Another milestone

A draft amendment to the Law on Planning and Development, necessary to unlock funds from the National Reconstruction Plan, has been approved by the Polish government. The initial versions of the draft contained revolutionary proposals, which have been widely commented on (often critically) in the sector. But what is in the final version of the draft?

The amendment provides for the introduction of a new planning instrument, which is to be the general plan for the municipality, replacing the study of conditions and regulating the planning rules for the municipality’s entire area with regard to the most important aspects. The general plan is to specify the functions of individual sites and such aspects as the intensity, height and maximum area of development as well as the requisite biologically active area.

What differentiates the new general plan from the existing study is its binding character for decisions and other planning acts. No longer will it be only local plans (as hitherto) that have to comply with this overarching act – from now on this obligation will apply to zoning decisions as well. Furthermore, the zoning decision will lose its previous significance, as it will only be issued in relation to areas of additional development designated by the municipality in the general plan. This is supposed to allow for better land development and exclude situations in which new buildings are built in completely unsuitable locations – for example, on the outskirts of a locality where the necessary infrastructure still needs to be provided. This problem will also be counteracted by the municipality’s ability to introduce social infrastructure accessibility standards regarding the distance of new housing developments from schools and green public spaces.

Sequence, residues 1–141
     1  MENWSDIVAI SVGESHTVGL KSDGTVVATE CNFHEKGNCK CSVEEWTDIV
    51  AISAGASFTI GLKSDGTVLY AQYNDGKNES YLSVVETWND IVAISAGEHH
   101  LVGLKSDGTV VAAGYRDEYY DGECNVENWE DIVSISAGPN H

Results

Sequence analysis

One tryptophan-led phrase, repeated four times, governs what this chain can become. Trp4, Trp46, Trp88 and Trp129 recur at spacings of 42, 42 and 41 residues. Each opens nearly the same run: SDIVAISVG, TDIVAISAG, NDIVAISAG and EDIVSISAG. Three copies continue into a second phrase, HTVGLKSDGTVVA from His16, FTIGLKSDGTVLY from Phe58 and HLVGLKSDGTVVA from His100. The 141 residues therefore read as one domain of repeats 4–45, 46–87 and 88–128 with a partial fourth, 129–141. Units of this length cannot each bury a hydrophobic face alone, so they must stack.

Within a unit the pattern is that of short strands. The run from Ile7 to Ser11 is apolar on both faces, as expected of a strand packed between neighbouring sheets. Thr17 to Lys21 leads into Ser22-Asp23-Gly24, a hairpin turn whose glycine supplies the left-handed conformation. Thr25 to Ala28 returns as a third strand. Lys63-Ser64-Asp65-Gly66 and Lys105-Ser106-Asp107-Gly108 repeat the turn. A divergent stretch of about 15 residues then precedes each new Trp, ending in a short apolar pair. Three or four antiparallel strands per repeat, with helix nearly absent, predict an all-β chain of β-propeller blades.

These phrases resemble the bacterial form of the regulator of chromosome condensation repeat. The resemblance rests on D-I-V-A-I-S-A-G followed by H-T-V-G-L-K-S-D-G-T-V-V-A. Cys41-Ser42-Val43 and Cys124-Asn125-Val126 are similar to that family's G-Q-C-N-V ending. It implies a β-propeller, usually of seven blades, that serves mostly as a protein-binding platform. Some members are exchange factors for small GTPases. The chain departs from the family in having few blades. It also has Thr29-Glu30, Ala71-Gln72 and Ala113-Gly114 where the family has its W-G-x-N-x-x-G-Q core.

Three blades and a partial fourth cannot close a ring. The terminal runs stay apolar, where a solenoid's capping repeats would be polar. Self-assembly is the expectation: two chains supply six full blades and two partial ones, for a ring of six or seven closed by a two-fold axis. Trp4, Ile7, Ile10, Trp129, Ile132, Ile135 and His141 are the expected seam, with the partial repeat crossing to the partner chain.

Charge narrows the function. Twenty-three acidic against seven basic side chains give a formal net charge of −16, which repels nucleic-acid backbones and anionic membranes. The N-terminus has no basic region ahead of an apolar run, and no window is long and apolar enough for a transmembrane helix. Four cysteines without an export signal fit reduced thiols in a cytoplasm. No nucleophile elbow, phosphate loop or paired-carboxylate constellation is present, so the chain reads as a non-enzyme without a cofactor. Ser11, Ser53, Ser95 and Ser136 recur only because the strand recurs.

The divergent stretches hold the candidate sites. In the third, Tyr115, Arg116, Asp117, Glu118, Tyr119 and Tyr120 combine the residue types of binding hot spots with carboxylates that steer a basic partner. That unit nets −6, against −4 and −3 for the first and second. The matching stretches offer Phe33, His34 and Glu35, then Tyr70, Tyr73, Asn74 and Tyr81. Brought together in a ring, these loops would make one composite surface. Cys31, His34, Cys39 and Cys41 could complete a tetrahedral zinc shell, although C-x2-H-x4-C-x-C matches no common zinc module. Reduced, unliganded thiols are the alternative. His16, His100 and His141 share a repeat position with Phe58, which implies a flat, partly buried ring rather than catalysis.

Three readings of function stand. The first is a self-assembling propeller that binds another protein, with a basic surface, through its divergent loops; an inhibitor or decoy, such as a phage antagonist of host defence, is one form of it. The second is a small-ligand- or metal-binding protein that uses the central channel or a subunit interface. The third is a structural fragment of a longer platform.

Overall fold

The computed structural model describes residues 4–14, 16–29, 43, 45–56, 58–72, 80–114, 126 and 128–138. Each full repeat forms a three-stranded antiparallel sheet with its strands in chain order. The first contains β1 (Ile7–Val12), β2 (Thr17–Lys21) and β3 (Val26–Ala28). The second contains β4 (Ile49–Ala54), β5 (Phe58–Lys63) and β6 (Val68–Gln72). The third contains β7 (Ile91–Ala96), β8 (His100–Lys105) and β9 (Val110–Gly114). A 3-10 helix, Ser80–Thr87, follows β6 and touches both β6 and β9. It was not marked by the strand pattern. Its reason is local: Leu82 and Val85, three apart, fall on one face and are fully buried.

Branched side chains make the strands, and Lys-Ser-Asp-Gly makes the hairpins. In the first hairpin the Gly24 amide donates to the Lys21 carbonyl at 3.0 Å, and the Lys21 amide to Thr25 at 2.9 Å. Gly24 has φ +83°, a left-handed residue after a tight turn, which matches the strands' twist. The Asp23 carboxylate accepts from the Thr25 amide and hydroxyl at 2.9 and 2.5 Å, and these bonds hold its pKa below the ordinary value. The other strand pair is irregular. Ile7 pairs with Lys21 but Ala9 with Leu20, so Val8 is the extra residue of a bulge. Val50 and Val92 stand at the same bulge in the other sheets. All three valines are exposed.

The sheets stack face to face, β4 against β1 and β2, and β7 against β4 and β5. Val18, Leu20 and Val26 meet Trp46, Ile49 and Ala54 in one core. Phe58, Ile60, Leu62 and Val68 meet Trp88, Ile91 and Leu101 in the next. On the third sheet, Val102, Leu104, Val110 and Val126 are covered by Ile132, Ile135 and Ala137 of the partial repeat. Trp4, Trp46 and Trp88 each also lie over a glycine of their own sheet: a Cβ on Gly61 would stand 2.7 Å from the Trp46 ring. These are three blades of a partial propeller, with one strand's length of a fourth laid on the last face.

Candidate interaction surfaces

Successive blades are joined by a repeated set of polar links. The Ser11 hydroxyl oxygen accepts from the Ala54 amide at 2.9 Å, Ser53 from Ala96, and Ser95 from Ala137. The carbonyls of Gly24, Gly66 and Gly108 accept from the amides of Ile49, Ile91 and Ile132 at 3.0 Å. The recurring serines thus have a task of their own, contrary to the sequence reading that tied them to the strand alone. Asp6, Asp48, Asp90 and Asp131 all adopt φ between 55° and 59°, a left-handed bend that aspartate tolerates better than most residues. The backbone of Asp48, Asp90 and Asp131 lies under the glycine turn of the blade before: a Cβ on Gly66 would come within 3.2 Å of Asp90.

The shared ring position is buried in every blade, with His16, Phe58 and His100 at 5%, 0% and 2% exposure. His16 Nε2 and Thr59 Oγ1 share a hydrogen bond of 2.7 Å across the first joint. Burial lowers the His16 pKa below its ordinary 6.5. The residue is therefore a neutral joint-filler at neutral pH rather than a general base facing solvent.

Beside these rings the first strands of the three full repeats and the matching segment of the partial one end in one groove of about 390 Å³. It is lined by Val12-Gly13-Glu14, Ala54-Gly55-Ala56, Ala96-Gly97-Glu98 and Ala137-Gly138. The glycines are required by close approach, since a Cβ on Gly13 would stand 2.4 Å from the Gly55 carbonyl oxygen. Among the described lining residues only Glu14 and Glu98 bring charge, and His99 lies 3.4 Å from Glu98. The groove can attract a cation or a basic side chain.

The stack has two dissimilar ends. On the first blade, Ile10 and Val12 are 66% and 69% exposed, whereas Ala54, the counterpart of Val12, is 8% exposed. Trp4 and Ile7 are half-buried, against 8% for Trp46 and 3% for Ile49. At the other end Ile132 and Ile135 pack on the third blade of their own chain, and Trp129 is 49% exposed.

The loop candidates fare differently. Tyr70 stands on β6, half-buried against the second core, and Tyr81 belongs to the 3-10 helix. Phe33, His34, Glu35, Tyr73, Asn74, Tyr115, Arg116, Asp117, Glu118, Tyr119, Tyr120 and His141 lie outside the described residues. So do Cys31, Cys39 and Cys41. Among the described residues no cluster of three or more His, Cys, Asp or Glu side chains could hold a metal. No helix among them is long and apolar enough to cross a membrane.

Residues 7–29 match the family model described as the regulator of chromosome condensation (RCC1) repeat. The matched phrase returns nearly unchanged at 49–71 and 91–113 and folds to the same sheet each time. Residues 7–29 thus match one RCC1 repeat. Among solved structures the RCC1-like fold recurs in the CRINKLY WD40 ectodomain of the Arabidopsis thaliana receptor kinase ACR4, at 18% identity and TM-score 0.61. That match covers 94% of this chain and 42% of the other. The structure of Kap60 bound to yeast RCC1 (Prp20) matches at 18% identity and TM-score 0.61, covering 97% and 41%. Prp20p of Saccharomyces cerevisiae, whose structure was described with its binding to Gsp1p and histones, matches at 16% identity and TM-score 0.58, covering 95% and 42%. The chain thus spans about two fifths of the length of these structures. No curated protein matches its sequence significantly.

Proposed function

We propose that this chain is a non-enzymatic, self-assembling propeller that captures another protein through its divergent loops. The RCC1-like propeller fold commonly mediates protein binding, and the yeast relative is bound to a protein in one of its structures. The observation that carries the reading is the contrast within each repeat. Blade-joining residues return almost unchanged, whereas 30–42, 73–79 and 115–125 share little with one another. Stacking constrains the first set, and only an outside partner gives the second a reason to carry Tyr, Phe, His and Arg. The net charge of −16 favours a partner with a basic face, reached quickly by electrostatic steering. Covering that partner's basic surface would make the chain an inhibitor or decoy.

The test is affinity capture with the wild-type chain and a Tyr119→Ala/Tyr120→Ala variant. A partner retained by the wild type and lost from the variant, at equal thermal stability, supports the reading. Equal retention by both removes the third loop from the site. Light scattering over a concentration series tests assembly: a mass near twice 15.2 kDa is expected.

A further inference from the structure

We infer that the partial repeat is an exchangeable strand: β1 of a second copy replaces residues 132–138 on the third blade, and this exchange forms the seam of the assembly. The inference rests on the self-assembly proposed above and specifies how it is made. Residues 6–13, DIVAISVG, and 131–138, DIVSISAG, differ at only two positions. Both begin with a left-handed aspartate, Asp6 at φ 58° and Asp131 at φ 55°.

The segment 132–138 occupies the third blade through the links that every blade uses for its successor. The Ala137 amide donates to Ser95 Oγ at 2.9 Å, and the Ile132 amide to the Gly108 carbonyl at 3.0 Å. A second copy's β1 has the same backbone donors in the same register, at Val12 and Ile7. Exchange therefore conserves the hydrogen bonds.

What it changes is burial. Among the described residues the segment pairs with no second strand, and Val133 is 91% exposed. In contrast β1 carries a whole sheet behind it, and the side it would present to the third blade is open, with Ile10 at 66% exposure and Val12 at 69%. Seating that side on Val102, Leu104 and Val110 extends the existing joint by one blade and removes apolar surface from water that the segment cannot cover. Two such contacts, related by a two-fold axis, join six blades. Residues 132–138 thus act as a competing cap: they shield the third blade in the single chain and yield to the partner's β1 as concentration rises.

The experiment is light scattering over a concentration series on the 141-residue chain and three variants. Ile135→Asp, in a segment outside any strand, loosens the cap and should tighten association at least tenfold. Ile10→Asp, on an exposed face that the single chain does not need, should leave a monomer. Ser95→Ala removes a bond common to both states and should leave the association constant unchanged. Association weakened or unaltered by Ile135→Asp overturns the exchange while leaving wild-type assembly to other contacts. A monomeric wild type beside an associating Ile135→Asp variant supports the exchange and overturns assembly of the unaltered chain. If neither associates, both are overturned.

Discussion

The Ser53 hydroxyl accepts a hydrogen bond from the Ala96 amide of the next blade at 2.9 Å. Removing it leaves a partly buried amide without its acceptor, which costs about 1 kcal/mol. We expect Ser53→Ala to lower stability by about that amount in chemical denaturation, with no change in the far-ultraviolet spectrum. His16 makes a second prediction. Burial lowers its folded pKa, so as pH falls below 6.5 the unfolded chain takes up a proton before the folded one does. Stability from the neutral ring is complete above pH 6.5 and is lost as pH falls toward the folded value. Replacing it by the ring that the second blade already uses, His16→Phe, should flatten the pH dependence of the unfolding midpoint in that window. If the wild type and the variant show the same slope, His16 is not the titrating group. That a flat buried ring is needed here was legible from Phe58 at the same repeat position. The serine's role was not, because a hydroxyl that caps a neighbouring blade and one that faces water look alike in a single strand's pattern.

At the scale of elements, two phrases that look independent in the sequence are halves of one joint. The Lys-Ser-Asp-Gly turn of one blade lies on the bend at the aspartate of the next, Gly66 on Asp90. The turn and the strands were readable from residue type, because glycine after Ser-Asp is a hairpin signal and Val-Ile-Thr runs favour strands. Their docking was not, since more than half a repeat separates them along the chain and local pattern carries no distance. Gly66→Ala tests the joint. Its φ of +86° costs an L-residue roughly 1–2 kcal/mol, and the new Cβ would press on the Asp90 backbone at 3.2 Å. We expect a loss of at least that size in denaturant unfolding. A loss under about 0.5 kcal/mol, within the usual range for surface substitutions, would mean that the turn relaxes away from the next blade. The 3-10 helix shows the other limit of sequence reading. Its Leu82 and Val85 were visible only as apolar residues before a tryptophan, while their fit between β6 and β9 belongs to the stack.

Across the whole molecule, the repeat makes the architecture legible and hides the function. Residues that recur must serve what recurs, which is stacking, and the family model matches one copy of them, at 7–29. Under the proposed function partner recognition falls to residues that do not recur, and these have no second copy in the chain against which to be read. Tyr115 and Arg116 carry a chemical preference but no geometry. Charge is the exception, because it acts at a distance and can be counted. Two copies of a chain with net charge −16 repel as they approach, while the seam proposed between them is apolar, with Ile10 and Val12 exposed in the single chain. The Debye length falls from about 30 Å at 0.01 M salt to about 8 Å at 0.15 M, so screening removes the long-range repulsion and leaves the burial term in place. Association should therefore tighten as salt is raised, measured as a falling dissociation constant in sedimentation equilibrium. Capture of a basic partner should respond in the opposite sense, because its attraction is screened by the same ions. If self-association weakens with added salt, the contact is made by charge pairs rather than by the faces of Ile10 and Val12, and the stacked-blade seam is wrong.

Shorter procedures